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AgreementsDivorceProperty DivisionSpousal MaintenanceThe Basics of Divorce and Taxes

June 22, 2007

The Oklahoma Family Law Blog highlights some of the basic tax concerns that need be considered in connection with divorce.

Alimony is taxable and deductible. The person who provides alimony can claim the payments as a deduction, while the person who receives it can avoid a large end-of-year tax bill by paying estimated taxes during the year. Unlike alimony, child support is not deductible or taxable.
Who claims the children? The parent who has custody of a child usually can claim the child as a dependent. However, with the custodial parent’s consent, the parent without custody can claim the child. (The custodial parent may still be able to claim certain tax benefits related to the child, including head of household filing status, the Earned Income Tax Credit, and the child-care credit.)
Who is a head of household? There are several factors for determining the head of a household. A few include being considered “unmarried” on the last day of the year, having children or other dependents who live with you, and paying more than half the cost of providing a home for dependents. Taxpayers should consult with a tax professional to determine if they qualify for head of household status.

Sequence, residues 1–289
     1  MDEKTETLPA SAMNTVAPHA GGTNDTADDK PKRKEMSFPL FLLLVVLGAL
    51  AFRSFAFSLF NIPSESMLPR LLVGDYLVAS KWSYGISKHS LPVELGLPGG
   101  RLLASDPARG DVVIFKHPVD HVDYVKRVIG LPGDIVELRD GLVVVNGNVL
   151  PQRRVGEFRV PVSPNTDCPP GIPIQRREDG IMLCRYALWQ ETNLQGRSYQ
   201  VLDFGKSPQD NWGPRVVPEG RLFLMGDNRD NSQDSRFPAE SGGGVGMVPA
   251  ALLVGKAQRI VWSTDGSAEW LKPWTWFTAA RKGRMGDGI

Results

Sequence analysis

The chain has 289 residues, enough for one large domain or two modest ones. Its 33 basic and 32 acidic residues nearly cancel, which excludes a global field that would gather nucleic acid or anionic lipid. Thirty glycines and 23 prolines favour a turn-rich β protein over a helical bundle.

Divorce, annulment and legal separation are considered the same by the IRS for tax purposes. The way a tax return is affected by the situation depends on how the decree is worded, and in cases where state and federal law differ, the IRS will side with the federal government.

Taxes may even be used to facilitate settlements. For instance, by using the differential in tax rates between spouses, a settlement can be structured so that, in essence, taxes subsidize some maintenance payment.

For this reason I suggest that a settlement proposal be examined by a tax professional or a certified divorce financial planner.

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